The day I am writing this article is another great day for NASA, Space Shuttle, International Space Station (ISS) fans and space enthusiasts. Today is when the Space Shuttle Endeavour ends its STS-123 mission to the International Space Station.
Today is also a great day because we get to talk about the international endeavour in space - a joint effort to build the ISS. Indeed, the ISS is a remarkable achievement of many nations, a new bright star in the night sky as they say it.
What they also say is that it is a long lasting endeavour and that the future of space exploration is international as well.
We learn how to live and operate in space, we learn how to work together as an international team and that’s what gets us all tingly and excited!
This is probably what you can almost every time hear from space business officials after every successful step in space. It’s truly a fascinating journey, I’d like to agree. But are we all gonna travel the same distances? I mean, You? Me? NASA, ESA, JAXA, space agencies in Russia and China?..
Whenever it is this special day, I remember a short bit of a dialog between Mr. Ken Calvert, member of the United States House of Representatives, and Dr. Scott J. Horowitz, NASA’s Associate Administrator for the Exploration Systems Mission Directorate at the September 28th, 2006 hearing of The House Committee on Science “Implementing the Vision for Space Exploration: Development of the Crew Exploration Vehicle.” The dialog goes like this:
Mr. Calvert. There is competition out there today, isn’t there?
Dr. Horowitz. Yes, sir. Anybody who understands what this is all about is out there going to space. There are many other people.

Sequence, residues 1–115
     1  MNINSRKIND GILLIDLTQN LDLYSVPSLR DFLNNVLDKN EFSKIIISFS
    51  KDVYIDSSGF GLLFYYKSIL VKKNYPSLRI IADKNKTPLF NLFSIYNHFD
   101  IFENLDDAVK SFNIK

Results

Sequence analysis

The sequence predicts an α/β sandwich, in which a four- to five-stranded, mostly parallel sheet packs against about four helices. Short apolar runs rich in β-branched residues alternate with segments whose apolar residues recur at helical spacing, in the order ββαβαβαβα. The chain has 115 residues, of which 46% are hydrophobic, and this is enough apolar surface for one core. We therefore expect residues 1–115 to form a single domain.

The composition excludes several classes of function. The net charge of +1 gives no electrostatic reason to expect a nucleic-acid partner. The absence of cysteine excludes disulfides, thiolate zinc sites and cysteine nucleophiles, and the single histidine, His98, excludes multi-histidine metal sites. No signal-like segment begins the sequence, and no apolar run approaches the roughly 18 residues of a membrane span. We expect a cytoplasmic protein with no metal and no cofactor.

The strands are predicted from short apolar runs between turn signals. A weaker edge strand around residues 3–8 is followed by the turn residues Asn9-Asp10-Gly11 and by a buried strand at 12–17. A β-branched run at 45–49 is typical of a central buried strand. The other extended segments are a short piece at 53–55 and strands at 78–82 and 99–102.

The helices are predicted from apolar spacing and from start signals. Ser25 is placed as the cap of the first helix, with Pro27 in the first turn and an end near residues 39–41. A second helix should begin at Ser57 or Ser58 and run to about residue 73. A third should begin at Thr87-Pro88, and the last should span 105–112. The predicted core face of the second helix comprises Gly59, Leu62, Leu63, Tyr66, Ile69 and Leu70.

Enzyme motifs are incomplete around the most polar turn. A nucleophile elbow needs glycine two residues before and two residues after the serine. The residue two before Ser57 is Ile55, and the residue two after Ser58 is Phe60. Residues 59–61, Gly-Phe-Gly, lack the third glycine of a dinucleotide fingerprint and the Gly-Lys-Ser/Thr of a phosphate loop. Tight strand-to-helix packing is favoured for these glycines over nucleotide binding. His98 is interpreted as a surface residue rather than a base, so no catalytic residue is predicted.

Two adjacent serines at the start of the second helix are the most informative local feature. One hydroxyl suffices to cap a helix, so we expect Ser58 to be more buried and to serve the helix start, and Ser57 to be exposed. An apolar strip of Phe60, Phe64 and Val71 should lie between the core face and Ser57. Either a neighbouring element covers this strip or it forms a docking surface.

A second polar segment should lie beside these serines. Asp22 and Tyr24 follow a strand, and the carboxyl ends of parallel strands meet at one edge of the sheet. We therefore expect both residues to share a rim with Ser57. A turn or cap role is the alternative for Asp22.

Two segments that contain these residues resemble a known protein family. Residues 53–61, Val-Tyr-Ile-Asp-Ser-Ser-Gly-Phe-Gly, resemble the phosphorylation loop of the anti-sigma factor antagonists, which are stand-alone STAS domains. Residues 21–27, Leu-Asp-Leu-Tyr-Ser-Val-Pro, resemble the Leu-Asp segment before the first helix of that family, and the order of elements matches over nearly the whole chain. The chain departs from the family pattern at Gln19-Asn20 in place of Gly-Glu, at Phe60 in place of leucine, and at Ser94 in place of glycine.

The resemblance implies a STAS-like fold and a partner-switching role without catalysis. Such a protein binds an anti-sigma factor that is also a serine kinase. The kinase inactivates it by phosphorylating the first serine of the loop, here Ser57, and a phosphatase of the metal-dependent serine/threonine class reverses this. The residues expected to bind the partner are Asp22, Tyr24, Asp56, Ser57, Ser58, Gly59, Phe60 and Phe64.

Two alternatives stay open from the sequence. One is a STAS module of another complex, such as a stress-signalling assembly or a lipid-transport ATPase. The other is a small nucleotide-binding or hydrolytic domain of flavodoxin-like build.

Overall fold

Mr. Calvert. You know, I was looking at the - you know, I was commenting with my seatmate here about the Ares V and the lift capability of that, and of course, we go back and think of the old Saturn, but that has a lift capability of what, approximately 100 tons?
Dr. Horowitz. This one can lift a little more than Saturn V, about 125 metric tons.
Mr. Calvert. One hundred twenty-five metric tons. What is the heaviest lift capability we have now?
Dr. Horowitz. It is less than the small rocket you see to its left, which is on the order of 20 to 25 metric tons.
Mr. Calvert. Now, is there potentially other revenue streams that could be utilized for Ares V in other parts of the government?
Dr. Horowitz. Yes, sir, I am sure there are other people that might be interested.
Mr. Calvert. You mean, there is no country in the world at this point that can launch 125 metric tons?
Dr. Horowitz. Sir, there is nobody else who has this capability.
If it’s really an international endeavor, why do we have to talk about who has the heaviest lift capability in the world? What’s your money on - competition or collaboration?